I'm not sure that Spencer would have prevented either of these, but in a close game in which one stop could have made a difference, it would have been nice to see him in there. I don't know what the equivalent to Bill James' "wins above replacement" numbers are for a guy like Spencer, but I'd assume they are high.

Indeed, the Chicago contest offered some painful evidence in support of this claim. Whenever the Bears ran to backup Victor Butler's side, they met with considerable success. Indeed, Butler's inability to play the run forced Rob Ryan to bring Gerald Sensabaugh up to the line, which had down-the-road implications in the passing game. When Bears QB Jay Cutler faded back to pass, he did so without Sensabaugh in the deep half - and without pressure form the strong side, where Butler repeatedly spun his wheels against the Bear's makeshift offensive line. It was clear that Rob Ryan was handcuffed without Spencer in the lineup.

A strong argument can be made that Spencer was the Cowboys' best player in 2012. If that feels far-fetched, the proposition that he was the team's best defensive player is easily defended. On his blog this season, local sports geek extraordinaire Bob Sturm kept a running tally of "Splash plays" for the season (defining such plays as "a sack, a pressure that forces a bad throw, and big hit on the QB, and a batted ball that may lead to an interception opportunity...tackles for loss, a big hit for a short gain, or a stop which is an open field tackle where a player is pulled down on 3rd down short of the marker because of an exceptional effort from a defender"). The final totals are instructive; here are the top five:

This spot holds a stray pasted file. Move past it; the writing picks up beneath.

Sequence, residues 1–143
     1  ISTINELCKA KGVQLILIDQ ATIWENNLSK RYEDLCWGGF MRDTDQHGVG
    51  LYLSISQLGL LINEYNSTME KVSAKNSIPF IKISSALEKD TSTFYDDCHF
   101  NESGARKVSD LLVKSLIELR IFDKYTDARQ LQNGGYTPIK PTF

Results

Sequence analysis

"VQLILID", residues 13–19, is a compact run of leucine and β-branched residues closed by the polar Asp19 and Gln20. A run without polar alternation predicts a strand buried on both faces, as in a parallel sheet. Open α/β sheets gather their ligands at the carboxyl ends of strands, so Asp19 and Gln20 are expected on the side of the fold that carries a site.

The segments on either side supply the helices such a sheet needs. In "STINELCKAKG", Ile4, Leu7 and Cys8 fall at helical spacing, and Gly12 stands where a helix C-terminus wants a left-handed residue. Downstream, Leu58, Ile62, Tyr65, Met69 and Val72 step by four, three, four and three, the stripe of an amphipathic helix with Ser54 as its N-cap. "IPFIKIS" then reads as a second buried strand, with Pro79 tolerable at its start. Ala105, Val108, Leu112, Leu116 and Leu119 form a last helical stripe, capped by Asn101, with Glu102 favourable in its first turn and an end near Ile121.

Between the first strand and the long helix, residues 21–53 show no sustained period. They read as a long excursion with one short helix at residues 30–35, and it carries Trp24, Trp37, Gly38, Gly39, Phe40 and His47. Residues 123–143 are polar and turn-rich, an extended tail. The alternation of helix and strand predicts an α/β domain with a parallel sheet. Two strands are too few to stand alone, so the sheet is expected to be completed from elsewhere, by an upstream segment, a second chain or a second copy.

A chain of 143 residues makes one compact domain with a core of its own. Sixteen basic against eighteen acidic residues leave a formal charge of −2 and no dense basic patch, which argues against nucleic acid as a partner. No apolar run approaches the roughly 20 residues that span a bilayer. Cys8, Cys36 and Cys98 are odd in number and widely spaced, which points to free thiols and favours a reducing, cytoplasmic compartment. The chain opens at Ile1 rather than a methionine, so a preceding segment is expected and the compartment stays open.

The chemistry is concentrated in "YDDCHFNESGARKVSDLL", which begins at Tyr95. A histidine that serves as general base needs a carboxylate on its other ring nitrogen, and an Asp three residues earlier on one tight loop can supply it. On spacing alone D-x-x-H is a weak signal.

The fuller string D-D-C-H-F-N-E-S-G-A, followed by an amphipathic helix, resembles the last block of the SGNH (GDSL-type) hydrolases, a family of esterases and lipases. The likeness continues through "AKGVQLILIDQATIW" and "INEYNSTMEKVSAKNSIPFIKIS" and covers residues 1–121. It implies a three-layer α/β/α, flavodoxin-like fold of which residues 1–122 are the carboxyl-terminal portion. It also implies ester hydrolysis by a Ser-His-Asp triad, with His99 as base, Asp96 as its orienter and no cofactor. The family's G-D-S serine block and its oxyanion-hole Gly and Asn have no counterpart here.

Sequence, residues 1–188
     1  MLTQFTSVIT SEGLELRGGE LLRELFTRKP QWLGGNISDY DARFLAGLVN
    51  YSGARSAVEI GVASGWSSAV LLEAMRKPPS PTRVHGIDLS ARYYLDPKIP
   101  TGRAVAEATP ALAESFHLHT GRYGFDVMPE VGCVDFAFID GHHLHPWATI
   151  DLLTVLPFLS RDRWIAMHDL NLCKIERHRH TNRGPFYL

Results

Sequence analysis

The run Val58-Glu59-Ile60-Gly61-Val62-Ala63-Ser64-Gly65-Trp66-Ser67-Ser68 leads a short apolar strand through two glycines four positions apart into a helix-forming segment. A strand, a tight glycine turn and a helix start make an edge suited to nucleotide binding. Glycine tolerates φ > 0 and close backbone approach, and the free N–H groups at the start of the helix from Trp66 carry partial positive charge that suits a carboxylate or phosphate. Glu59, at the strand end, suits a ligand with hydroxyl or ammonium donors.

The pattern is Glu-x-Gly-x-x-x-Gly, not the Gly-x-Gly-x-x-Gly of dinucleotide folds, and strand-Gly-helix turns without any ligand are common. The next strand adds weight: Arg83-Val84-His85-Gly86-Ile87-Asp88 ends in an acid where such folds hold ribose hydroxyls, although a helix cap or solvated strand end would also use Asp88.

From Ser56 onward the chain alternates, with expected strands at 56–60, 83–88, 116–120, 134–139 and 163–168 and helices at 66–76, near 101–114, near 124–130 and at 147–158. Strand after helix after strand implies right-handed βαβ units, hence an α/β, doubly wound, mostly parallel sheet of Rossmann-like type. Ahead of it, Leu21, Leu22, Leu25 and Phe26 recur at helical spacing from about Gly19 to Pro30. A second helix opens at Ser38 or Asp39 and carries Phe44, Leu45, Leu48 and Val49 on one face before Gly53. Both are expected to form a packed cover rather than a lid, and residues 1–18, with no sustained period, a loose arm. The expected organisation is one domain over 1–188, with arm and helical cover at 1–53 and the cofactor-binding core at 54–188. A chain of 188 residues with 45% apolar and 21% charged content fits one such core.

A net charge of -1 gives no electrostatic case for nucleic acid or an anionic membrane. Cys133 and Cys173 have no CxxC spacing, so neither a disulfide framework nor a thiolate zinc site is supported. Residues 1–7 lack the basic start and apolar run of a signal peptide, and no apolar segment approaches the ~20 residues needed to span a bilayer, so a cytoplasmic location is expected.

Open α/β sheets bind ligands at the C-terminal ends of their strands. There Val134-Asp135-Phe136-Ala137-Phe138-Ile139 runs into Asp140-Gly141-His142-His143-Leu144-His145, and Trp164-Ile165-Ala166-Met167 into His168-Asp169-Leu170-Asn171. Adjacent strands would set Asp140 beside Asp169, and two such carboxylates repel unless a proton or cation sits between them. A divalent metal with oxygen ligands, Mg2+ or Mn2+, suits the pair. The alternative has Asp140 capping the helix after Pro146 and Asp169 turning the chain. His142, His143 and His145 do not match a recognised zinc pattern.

Spencer 38
Ware 30
Hatcher 16.5
Claiborne 16
Carter 15

Two things jump out here: First, the drop-off after Spencer and Ware is significant. For a 3-4 defense to succeed at the most elemental level, the two outside linebackers must be athletic playmakers. Clearly, Dallas' dynamic duo fits that bill. By keeping Spencer in the fold, the Cowboys retained a key, under-the-radar player who was integral to the defense's basic functionality.

By retaining Spencer, Dallas made a smart move not only for the immediate future (i.e., 2012), but built a doorway to a rosier distant future. This leads me to my second observation derived from the "splash play" data: that Carter and Sean Lee (with 10) are both in the top seven after missing significant chunks of the season suggests that something special is happening with the Cowboys' linebacking unit. With the emergence of these gents in the past two seasons, Dallas has developed one of the league's best and most diverse linebacking units.